All of these greener transportation technologies have been in use for more than 100 years — it’s the cars that have been the problem, not the answer. Musk’s tunnels could be a game changer, but only if they’re digging more subway lines.
2018/12/11: a homebrew 6502-based microcomputer. I have a lot of ideas for features I’d like, but before I make too many crazy decisions I’d like to solidify my understanding of the processor I’m building the whole system around.
2018/12/17: Open data in Ukraine is also beginning to be recognised for its potential economic value. Research by Kyiv School of Economics estimates that open data contributes between $746 and $903m to the Ukrainian economy currently and can increase to $1.4b or 0.84% of GDP by 2025. Realising the maximum economic value of open data to Ukraine’s economy will require sustained investment and high level political support.
2018/12/04: If chatbots are approaching the stage where they can answer diagnostic questions as well or better than human doctors, then it’s possible they might eventually reach or surpass our levels of political sophistication. And it is naïve to suppose that in the future bots will share the limitations of those we see today: They’ll likely have faces and voices, names and personalities — all engineered for maximum persuasion. So-called “deep fake” videos can already convincingly synthesize the speech and appearance of real politicians.
Unless we take action, chatbots could seriously endanger our democracy, and not just when they go haywire.
The most obvious risk is that we are crowded out of our own deliberative processes by systems that are too fast and too ubiquitous for us to keep up with. Who would bother to join a debate where every contribution is ripped to shreds within seconds by a thousand digital adversaries?
2018/12/17: First, people all over the world pay for communication services. We regularly pony up for Netflix, HBO Go, and Amazon Prime on top of sizable monthly payments for cell phone plans. A Facebook, YouTube, or Twitter without a bloated ad infrastructure could likely charge far less than these other services, which after all have to buy or produce their content. Before WhatsApp was acquired by Facebook, it charged users $1 per year, and it was growing like a vine.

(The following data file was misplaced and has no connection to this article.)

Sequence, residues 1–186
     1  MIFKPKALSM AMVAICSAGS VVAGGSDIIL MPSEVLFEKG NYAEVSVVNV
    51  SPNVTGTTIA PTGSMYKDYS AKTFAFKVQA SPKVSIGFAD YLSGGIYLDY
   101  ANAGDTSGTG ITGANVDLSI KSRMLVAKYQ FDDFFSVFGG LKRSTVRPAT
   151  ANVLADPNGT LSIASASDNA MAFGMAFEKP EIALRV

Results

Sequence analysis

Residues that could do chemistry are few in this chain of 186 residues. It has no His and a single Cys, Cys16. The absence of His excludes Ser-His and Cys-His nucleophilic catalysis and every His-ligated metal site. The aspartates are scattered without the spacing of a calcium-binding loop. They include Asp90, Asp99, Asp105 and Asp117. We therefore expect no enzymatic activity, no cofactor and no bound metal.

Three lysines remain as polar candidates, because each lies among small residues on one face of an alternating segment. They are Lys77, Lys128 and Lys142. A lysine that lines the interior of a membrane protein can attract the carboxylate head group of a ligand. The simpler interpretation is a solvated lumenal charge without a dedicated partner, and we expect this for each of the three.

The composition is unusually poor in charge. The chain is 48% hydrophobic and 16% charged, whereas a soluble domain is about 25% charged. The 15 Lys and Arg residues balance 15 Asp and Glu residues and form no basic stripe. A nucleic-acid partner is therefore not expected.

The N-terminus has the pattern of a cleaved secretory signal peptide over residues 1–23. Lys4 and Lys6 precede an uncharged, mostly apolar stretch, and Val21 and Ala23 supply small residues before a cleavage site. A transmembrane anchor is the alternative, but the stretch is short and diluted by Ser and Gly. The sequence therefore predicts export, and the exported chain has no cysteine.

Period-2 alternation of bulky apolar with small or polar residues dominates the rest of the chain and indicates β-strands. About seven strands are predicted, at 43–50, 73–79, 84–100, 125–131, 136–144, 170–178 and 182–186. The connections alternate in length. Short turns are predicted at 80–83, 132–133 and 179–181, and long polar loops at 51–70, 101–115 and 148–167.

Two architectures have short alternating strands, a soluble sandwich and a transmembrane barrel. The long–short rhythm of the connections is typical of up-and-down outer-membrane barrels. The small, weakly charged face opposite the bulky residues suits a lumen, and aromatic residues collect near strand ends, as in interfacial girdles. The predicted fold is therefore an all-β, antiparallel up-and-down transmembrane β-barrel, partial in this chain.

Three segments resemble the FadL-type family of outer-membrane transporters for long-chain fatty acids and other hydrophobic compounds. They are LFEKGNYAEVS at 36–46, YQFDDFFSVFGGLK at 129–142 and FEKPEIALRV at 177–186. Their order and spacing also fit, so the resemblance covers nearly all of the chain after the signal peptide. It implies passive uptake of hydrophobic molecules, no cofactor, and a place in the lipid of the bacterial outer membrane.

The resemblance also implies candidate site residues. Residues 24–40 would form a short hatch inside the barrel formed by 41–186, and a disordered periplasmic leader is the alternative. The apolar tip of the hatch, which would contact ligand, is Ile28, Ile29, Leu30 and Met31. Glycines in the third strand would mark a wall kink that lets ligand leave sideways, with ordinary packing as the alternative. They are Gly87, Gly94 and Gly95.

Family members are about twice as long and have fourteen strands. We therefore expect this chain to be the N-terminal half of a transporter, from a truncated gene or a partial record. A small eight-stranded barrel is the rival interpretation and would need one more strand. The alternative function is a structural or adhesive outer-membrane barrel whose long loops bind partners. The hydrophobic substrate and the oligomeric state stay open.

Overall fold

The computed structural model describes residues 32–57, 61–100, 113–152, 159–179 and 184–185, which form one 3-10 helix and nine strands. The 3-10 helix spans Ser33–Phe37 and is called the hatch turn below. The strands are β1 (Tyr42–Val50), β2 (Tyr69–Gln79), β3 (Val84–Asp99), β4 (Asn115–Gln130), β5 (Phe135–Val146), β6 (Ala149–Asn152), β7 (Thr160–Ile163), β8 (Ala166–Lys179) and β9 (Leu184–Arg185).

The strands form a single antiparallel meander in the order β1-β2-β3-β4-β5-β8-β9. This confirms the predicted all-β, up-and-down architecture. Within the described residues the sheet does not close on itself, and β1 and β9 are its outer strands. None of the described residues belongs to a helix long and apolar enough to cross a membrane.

2018/07/16: Machine Learning is eliminating the time wasted in traditional programming and instead gets computers to program themselves. In a nutshell – machine learning is like farming; nutrient is the main data, gardener is the farmer, seed is the algorithm while the plant is the program.
Thus the key areas machine learning plays its critical role is:
Computational biology – designing remedy to diseases or simply drugs;
Breeding and coming up with ideal traits;
Predicting the climate change;
Robotics and auto driven tractors
Soil nutrient evaluation; among others
2018/12/15: Either the subway or the highway option for the pedestrian is a solution that only an essentially anti-democratic society could have come up with.
We need to recognise that those who walk to work or to a point where they can access public transport constitute more than 60% of daily commuters. Let us also remember these are people going to work, children going to schools, young people travelling to colleges and universities, or home makers walking to the neighbourhood market or to pick-up their children from school.
2018/12/13: The top scholars of the news media say that a right to control links will only cement the dominance of the legacy news media, while weakening the press overall. The world's most renowned technologists say that copyright filters are a stupid, dangerous, unworkable idea that is doomed to fail.
So Voss had to come up with "compromises" that would allow him to convince fellow MEPs that things weren't that bad. For example, he expunged all mention of "filters" from the filter rule, but still made it impossible for companies to avoid filters. He also allowed for minor exemptions for "microenterprises" that would maybe get some of them out from under the necessity of having filters.
These figleafs didn't fool his opponents, but they did let him advance the Directive through the Parliament and into the trilogue negotiations. However, the big rightsholder organisations hated even the appearance of compromise, and so first the movie companies and sports leagues denounced the Directive and asked to have their products removed from its scope, and then the music industry (who have been the strongest proponents of filters) completely condemned the process and called for a restart.
2013/01/14: Then, unfortunately, the data people took XML and decided that it solved their problems. So we got configuration files in XML, databases in XML, and so on. Some of these applications did ok. Storing data in XML for long-term interoperability is an acceptable use of XML. Indeed, XML is supported by virtually all programming languages and that is unlikely to change.
However, XML as a technology for databases was supposed to solve new problems. All major database vendors added support for XML. DBAs were told to learn XML or else… We also got handfuls of serious XML databases. More critically, the major database research conferences were flooded with XML research papers.
And then it stopped.